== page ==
FIG. 4 illustrates an arrangement of the steel locking ring having a slot 50 with an offset piece or tongue 52 on one side of slot 50 that fits into a concomitant cutout 54 on the other side of slot 50. Slot 50 permits compression of steel locking ring 20 to an outer diameter smaller than the inner diameter of die cast member 18. This arrangement allows easy insertion of steel locking ring 20 into die cast member 18 and expansion of the outer diameter of steel locking ring 20 to fit tightly into the inner diameter of die cast member 18. Slot 50 with offset piece 52 on one side with concomitant cutout 54 on the other side assures that tangs 36 and 36A of steel locking ring 20 remain aligned with openings 38 and 38A of die cast member 18. Without offset piece 52 and cutout 54, compression of steel locking ring 20 permitted by slot 50 may result in a sliding of one side of slot 50 with respect to the other or deforming a of locking ring 20 so that one tang, for example, tang 36, may align with opening 38 while due to deformation, tang 36A is still outside die cast member 18 and does not align with opening 38A.

FIG. 5 is a top view of steel locking ring 20 of FIG. 3 with cable holding and tangs 40 and 40A shown in phantom with inside end 41 shown. As can be seen, tang 40 is displaced from tang 40A approximately one hundred twenty degrees along the inner circumference of steel locking ring 20.

Referring now to FIG. 6, a side view of die cast member 18 is illustrated as having reduced diameter area 28 for receiving adaptor 14. Reduced area 28 is defined by lip 30, which prevents adaptor 14 from slipping out once inserted, and enlarged flat face 31. As stated previously, lip 30 has a slight incline to permit insertion into aperture 24 of junction box 12. Also previously stated, face 31 is greater that the diameter of lip 30 to prevent over insertion into aperture 24. As can be seen by a comparison of the diameters of lip 30 and face 31, die cast member 18 with adaptor 14 can be inserted into aperture 24 only up to the edge of section 32.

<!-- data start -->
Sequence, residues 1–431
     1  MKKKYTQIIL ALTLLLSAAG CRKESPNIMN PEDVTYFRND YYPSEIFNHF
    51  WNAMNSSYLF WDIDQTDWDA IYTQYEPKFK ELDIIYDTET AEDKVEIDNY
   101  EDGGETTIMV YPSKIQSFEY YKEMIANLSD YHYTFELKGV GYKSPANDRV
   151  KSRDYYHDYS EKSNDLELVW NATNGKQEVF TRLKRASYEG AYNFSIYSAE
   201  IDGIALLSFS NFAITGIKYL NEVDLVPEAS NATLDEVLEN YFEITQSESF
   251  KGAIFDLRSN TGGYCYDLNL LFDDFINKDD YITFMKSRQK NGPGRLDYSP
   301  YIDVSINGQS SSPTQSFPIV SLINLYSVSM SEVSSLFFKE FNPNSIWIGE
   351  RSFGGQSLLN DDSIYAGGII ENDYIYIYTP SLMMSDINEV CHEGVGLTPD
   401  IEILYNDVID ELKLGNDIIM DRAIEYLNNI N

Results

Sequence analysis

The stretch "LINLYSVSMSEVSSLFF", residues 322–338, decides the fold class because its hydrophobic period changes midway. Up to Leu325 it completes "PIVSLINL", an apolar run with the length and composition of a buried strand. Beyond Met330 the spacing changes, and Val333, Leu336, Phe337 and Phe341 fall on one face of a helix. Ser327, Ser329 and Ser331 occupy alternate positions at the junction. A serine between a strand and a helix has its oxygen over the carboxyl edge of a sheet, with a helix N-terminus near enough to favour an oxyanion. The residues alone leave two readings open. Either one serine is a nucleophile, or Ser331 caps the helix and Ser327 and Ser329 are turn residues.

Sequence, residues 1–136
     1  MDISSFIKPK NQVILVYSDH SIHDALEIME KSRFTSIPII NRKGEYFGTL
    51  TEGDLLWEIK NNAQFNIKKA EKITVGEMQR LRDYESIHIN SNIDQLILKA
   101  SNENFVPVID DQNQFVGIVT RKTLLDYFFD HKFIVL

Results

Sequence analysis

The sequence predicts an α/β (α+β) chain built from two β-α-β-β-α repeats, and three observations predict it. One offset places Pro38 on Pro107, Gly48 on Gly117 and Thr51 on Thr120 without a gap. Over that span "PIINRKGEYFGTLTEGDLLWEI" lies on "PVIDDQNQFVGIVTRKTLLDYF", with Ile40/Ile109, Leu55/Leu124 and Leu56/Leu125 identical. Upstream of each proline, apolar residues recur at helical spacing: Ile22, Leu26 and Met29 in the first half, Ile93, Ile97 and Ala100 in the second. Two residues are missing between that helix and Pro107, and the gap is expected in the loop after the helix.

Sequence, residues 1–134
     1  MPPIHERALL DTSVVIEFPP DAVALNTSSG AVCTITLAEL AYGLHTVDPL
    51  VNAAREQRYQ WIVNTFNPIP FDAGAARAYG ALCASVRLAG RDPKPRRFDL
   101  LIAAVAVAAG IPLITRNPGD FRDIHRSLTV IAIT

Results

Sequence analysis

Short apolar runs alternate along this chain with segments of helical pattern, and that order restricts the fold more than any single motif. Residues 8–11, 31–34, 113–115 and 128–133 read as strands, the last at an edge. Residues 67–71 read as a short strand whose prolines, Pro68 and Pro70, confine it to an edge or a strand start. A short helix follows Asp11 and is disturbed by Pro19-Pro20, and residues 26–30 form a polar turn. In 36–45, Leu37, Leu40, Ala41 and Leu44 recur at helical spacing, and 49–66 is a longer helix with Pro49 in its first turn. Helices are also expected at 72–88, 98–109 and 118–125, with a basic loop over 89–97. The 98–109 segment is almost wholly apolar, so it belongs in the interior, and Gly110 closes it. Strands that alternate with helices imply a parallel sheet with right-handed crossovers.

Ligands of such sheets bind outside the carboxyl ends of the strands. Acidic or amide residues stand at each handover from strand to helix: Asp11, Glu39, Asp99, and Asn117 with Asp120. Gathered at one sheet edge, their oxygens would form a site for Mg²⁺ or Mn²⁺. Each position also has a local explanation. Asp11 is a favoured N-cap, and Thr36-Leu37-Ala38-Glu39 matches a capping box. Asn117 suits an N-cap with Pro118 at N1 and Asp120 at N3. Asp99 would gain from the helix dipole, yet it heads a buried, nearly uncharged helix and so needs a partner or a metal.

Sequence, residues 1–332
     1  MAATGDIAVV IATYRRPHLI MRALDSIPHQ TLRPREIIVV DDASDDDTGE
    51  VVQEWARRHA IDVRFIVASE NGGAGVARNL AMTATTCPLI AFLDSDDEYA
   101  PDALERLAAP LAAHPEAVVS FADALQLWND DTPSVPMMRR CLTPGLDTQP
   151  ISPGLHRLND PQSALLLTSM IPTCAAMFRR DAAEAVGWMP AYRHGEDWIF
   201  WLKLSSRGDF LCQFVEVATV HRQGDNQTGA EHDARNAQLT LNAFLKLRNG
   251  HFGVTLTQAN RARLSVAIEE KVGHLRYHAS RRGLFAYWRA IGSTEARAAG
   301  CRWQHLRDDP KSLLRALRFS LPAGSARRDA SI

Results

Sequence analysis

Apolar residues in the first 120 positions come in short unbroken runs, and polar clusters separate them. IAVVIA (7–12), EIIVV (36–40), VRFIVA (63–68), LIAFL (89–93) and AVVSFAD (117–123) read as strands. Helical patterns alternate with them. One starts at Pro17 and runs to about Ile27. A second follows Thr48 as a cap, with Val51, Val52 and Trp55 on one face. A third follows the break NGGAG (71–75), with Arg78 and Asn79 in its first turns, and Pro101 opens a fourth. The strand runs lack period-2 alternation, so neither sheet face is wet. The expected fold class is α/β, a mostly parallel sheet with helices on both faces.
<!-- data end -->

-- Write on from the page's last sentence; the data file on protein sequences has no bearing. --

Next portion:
FIG. 7 is a sectional view of the die cast member 18 illustrating first opening 38 to receive tang 36 of steel locking ring 20 and a second opening 38A to receive tang 36A of steel locking ring 20.

FIG. 8 is an end view of die cast member 18 illustrated in FIG. 6. As described previously and illustrated more clearly in FIG. 8, section 32 with its flat parallel surfaces forms an hexagon shape when viewed from the end. This shape is provided to allow gripping with a standard fixed or adjustable wrench. By rotating the wrench, (not shown) armored cable 26 may be drawn into the locking ring 20. In this manner, minor adjustments to the position of armored cable 26 can be performed.

A snap in locking cable connector has been described that is composed of three mating pieces that snap together and provide a connector for armored or metal clad electrical conductors. One piece includes a die cast member having a smooth outer cylindrical section. This section accommodates a spring steel adaptor. The smooth cylindrical section has flanges at each end defining to hold the spring steel adaptor in place. The spring steel adaptor is used in conjunction with an electrical junction box to fix and lock in the locking cable connector with respect to the junction box. Another piece includes a spring steel locking ring provided to receive a helical shielded or armored cable. The spring steel locking ring locks into the die cast member. The spring steel locking ring has tangs allowing unidirectional insertion into the die cast member and restricting withdrawal from the die cast member. The spring steel locking ring also includes oppositely directed cable gripping tangs to permit reception of the armored cable in one direction and restrict its movement in the reverse direction.

Thus, the use of the connector permits a simple assembly by snapping the helical armored cable into the connector and snapping the connector and cable to the junction box. The connector can be slightly rotated to take up any slack with the armored cable if the inside ends 41 of the tangs rest at the bottom of a grove which requires some tightening.

While there has been illustrated and described a particular embodiment of the present invention, it will be appreciated that numerous changes and modifications will occur to those skilled in the art, and it is intended in the appended claims to cover all those changes and modifications which fall within the true spirit and scope of the present invention.

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Referenced by
Citing PatentFiling datePublication dateApplicantTitle
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Classifications
U.S. Classification174/668, 16/2.1, 174/167, 285/921, 29/450, 439/460
International ClassificationH02G3/18, H02G3/22, H02G3/08, H02G3/06
Cooperative ClassificationY10S285/921, H02G3/0616, H02G3/18, H02G3/083, H02G3/22, H02G3/0691
European ClassificationH02G3/06C2, H02G3/08B1
Legal Events
DateCodeEventDescription
Mar 28, 2011FPAYFee payment
Year of fee payment: 12
Mar 29, 2007FPAYFee payment
Year of fee payment: 8
Mar 28, 2003FPAYFee payment
Year of fee payment: 4
Jan 15, 1998ASAssignment
Owner name: ARLINGTON INDUSTRIES, INC., PENNSYLVANIA
Free format text: ASSIGNMENT OF ASSIGNORS INTEREST;ASSIGNOR:GRETZ, THOMAS J.;REEL/FRAME:008952/0932
Effective date: 19980109